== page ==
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Monthly Archives: January 2015

The weather was nice so we decided to take another road trip along the Mississippi River looking for birds. The main goal was to find Bald Eagles but Trumpeter Swans and ducks were also fair game. Our first stop was Wabasha but we didn’t see any. We can usually find them in the trees on the east side of the river but there wasn’t a single bird.

Our next stop was Reads Landing. We spotted six Bald Eagles all flying. On pair was performing  synchronized acrobatics. We watched them for quite a while. Unfortunately they were too far away for photographs. This is the first time we haven’t seen any Trumpeter Swans in the area. This is a photo from last year.

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We headed for Red Wing and Colvill Park. Unfortunately we only found a single eagle sitting in a tree. He looked a little disheveled.

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So far things hadn’t gone all that well so we decided to drive up to Miesville, Minnesota and try and find Kings Bar and Grill. A friend said they had great burgers. It would have made things easier if I remembered the name of the town or the name of the restaurant. All I could remember was that the name of the town started with M and the restaurant might be Kings and it was on highway 61 north of Red Wing .

Fortunately we found the place. It was mid afternoon on a Sunday and the place was packed. Luckily we found a table. The service was fast but it took a while to decide on a burger because there were so many choices. Once we ordered we had our meal in a short time. The burgers were great making up for a lousy day of bird watching. Would highly recommend Kings Bar and Grill. We have added it to our places to stop when we are in the area.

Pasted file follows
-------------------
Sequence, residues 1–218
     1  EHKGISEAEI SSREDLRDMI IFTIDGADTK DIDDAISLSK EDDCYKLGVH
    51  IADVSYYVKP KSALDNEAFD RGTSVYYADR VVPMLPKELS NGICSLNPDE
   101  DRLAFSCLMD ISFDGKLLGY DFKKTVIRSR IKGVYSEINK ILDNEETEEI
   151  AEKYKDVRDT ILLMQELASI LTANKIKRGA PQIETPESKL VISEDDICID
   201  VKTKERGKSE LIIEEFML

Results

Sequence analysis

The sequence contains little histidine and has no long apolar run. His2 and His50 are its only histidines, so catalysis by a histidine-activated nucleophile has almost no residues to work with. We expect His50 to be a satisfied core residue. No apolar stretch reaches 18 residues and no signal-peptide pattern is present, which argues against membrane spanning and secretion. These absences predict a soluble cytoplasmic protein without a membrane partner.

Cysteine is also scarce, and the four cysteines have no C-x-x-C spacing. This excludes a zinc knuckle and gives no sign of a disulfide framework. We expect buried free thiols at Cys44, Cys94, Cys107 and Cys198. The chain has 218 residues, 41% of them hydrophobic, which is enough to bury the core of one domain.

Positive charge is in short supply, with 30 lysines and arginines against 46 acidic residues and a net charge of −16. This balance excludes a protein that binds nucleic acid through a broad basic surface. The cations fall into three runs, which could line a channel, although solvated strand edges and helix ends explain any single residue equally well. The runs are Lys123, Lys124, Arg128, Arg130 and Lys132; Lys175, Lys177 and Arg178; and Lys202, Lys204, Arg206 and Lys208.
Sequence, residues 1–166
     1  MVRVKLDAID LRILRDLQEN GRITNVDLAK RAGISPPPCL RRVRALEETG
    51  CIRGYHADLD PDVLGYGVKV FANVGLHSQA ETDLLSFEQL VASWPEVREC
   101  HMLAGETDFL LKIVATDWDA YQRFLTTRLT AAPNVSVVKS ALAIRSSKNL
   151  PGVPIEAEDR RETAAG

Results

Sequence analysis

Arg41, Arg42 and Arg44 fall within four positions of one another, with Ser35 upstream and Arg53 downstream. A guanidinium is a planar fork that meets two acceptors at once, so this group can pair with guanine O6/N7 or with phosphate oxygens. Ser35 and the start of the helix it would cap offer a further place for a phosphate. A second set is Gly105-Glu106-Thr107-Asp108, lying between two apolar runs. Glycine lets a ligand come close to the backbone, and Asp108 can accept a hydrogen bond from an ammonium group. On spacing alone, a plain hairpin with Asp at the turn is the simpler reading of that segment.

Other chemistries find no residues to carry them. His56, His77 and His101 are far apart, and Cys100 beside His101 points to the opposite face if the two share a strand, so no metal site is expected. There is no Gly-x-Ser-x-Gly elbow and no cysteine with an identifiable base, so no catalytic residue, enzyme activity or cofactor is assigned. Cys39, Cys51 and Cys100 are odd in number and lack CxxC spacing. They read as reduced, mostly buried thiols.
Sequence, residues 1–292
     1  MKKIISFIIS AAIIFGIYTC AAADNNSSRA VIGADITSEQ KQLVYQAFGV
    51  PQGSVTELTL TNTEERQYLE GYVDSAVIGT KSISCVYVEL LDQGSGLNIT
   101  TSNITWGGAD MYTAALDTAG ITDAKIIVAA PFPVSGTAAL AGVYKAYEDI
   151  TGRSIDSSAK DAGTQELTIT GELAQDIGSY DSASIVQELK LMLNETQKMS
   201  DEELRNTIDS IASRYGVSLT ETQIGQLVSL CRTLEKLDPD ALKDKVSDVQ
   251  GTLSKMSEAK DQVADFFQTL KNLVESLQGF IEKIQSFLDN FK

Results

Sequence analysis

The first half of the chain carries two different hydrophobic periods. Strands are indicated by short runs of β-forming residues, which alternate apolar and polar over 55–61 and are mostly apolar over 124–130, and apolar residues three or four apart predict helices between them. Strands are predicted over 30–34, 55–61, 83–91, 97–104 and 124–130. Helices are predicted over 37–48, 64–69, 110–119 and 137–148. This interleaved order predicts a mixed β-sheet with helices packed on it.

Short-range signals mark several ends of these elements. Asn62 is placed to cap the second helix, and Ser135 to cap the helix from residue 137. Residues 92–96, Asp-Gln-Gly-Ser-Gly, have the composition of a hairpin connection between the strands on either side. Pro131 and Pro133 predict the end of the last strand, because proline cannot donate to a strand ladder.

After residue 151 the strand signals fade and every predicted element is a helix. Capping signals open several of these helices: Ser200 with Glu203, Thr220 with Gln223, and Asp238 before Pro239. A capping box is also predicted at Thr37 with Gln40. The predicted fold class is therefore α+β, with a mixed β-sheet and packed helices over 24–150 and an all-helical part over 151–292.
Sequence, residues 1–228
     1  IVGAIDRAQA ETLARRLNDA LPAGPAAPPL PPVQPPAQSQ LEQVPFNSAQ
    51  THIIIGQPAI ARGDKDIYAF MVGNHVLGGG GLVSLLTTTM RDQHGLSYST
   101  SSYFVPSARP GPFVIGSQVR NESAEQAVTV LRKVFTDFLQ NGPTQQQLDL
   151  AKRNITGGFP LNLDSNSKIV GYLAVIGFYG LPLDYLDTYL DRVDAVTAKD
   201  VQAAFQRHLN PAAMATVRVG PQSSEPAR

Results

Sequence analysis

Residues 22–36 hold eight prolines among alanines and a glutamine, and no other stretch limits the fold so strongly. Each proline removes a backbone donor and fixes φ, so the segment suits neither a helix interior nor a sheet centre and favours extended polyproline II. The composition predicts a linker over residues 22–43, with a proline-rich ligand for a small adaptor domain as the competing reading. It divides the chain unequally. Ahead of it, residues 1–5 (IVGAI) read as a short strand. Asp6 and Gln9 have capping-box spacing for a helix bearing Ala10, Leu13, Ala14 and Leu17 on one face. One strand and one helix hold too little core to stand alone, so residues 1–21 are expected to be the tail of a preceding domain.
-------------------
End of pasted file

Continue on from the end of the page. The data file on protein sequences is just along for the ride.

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We were in Hudson, Wisconsin on business and decided to stop and check on the Trumpeter Swan population. It was late in the day. When we left home is was cloudy but by the time we reached Hudson the sun was out and it was a beautiful, relatively warm late afternoon.

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When we arrived we were the only ones there. Before long a crowd had gathered. Apparently the swans fly off late in the afternoon and folks wanted to watch the evening flight out. Trumpeter-Swans-Hudson-Wisconsin-15-1-_2891

There were also several people feeding the swans. Everyone was lined up to get some food.

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I started talking with another photographer who was working with a long lens and tripod. Turned out to be Art Juchno who I had worked with at Stout. I didn’t recognize him all bundled up in his winter gear but he recognized me. I’m not sure what that says about my sartorial efforts.

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I spent about an hour watching the birds. There were a lot of ducks and geese but only about fifty swans. Last time I was photographing there were over three hundred. Apparently colder weather brings them into the area.

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More Trumpeter Swan photos can be found on my website.

As we were leaving Duluth I notice on my Marine Tracker that the Indiana Harbor going to come through Wisconsin Point on its way to winter Layup. It was one of the last ships to enter the harbor during the 2014-15 shipping season and the last one to come through the Wisconsin Entry.